Why Giving Stuff Away for Free May Be Good for Your Business

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At least in most Western nations, setting up and running your own business has never been easier. Registering a company is a fairly painless process in most of Europe and North America. In fact, in the United Kingdom, forming a limited company with the nation’s regulator costs little more than a fancy coffee and about as much time as it would take to finish said drink.

Even for those living in countries where doing business is a little more restrictive, Estonia’s e-residency service can provide a way for entrepreneurs and business owners from all over the world to begin trading in Europe in a relatively unrestricted market.

Sites like eBay, Upwork, and Etsy have also made it easier for individuals to do business with people right around the world.

However, these low barriers to entry that make it easy for you to start trading also make it easy for your potential competitors. So in many industries and markets, making your business stand out from the crowd can be a little tricky. Even when you’re established, your business will always be under threat from new entrants. This is something Twitter’s management is well aware of, having recently held talks about buying the social media app, Clubhouse.

So for business owners, finding ways to stand out from the crowd is crucial in building a customer base. There are many approaches you can take to achieve this, such as competing on price, offering a personal service, or creating an innovative product that can’t be found elsewhere.

Another way that you can do it, is by giving away stuff for free. It may seem counter-intuitive at first, especially since businesses are usually set up to make a profit, but offering things to your customers for free can help grab the attention of potential customers and show your value.

Free Trials

Free trials come in all shapes and sizes, but can be an incredibly effective way of bringing customers through the door. They’re great for when you want to show the value of your product or service to a potential customer.

They’re used in just about every industry, from marketing through to gaming, and work best with services. For example, the online casino industry is incredibly competitive, meaning players have a lot of choice. To help entice these potential customers to sign up, some companies offer free spins to let players try out their range of slot games before deciding whether to make a deposit.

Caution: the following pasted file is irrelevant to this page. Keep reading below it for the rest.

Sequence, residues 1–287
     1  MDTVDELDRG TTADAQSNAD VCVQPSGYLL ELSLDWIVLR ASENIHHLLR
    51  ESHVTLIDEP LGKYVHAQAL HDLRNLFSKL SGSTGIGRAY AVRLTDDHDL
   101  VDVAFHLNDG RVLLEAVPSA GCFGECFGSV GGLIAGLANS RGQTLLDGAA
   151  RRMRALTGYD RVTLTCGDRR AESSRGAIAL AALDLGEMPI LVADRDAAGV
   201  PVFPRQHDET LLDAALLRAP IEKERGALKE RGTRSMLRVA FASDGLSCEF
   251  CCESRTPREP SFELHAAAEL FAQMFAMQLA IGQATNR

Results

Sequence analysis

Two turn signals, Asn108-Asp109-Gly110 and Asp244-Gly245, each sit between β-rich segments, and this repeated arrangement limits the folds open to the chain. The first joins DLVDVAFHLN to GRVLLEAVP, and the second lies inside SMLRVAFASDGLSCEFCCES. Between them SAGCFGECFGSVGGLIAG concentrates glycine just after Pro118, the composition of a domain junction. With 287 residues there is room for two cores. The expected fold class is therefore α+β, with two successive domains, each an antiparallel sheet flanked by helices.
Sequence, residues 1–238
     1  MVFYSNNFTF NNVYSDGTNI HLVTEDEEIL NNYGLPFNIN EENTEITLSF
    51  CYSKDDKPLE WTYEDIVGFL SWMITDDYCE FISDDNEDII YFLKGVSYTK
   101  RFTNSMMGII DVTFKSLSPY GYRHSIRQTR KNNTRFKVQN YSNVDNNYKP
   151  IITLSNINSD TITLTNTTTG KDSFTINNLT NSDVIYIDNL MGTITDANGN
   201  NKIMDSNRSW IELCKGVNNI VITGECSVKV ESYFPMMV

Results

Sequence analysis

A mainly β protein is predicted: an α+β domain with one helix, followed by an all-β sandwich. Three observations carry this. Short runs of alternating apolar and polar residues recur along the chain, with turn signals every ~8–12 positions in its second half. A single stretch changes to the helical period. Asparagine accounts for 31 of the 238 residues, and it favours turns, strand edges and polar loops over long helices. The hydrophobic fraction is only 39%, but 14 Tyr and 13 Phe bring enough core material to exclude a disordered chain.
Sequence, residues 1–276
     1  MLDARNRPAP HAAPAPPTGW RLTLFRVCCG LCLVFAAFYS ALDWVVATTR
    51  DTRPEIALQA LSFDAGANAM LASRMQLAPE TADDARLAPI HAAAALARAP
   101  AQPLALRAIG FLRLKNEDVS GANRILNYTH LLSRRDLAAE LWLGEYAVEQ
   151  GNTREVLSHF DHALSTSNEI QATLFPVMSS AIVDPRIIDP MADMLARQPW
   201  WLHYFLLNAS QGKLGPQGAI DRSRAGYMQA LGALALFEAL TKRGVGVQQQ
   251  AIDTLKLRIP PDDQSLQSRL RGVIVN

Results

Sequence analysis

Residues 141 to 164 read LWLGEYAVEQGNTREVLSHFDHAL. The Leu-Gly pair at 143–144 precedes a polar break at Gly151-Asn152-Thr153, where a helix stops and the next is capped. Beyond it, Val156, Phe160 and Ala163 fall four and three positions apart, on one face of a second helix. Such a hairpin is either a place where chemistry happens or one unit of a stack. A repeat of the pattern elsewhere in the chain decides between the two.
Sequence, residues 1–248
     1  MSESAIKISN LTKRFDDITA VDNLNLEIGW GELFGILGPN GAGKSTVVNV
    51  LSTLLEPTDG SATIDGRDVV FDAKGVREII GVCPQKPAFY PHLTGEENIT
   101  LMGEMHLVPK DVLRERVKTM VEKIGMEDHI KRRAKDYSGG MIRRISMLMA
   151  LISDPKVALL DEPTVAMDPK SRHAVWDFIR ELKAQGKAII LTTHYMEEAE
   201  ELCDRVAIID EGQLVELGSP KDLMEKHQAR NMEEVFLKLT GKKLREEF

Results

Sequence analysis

The casinos are confident that players will enjoy the slots while they use up their free spins and, therefore, expect many to convert into paying customers.

Although it’s a very different industry, we can see the same approach taken by many companies that offer CRM software. They offer both free trials of their paid plans and feature-limited free options. Again, they’re confident in the quality of their software and believe that the free trial can show potential customers that it offers value to their business.

Free Samples

While free trials work well for services, they’re not as appropriate for products. They work best for products that a customer is going to buy over and over again, such as food, cosmetics, or consumable products like office supplies or car cleaning solutions. This is why you see so many free samples in stores like Costco.

Many of the things we buy, such as electrical devices, home furnishings and DIY tools, wouldn’t be suitable to give away as a free sample as they’re often only purchased once every few years.

Free samples will work best if you’re confident in the quality of your product. If not, you may not get many customers returning afterwards.

Free Content

Almost every business has trade secrets, special recipes, and useful knowledge that sets them apart from their competition or at least lets them do their job better than anyone new to the industry.

So for centuries, businesses have guarded this information very closely in the hopes of preventing others from learning their secrets and cutting them out.

However, in more recent years, many businesses have learnt that there can be a lot of value in giving some of their knowledge away for free.

They do this because it allows them to demonstrate their expertise on a particular subject or show how they would be able to help a customer. For example, Never Paint Again is a painting and decorating company in the UK that has published a comprehensive guide on how to paint your own house. Using the traditional way of thinking, you may be concerned that they’ve just taught potential customers how to do the job themselves, removing any need to hire them.

However, they understand that some people would always want to do it themselves regardless. But by publishing this guide they’ve proven how knowledgeable they are and are on hand to anyone that has been put off doing it themselves.

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